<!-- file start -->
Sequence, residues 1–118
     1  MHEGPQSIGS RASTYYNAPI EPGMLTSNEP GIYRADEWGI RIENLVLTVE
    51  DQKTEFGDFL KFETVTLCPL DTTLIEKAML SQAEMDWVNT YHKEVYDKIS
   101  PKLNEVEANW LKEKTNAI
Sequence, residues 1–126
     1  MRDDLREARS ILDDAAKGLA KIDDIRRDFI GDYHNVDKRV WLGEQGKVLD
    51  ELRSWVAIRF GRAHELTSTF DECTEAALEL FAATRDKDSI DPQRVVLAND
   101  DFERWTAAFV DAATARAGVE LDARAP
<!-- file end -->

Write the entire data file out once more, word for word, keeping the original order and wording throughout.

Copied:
Sequence, residues 1–118
     1  MHEGPQSIGS RASTYYNAPI EPGMLTSNEP GIYRADEWGI RIENLVLTVE
    51  DQKTEFGDFL KFETVTLCPL DTTLIEKAML SQAEMDWVNT YHKEVYDKIS
   101  PKLNEVEANW LKEKTNAI
Sequence, residues 1–126
     1  MRDDLREARS ILDDAAKGLA KIDDIRRDFI GDYHNVDKRV WLGEQGKVLD
    51  ELRSWVAIRF GRAHELTSTF DECTEAALEL FAATRDKDSI DPQRVVLAND
   101  DFERWTAAFV DAATARAGVE LDARAP